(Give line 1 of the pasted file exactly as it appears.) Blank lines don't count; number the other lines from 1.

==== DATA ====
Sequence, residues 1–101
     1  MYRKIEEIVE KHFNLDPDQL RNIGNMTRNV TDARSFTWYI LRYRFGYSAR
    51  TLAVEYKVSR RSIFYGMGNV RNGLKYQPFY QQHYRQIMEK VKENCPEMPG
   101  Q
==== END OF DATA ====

Sequence, residues 1–101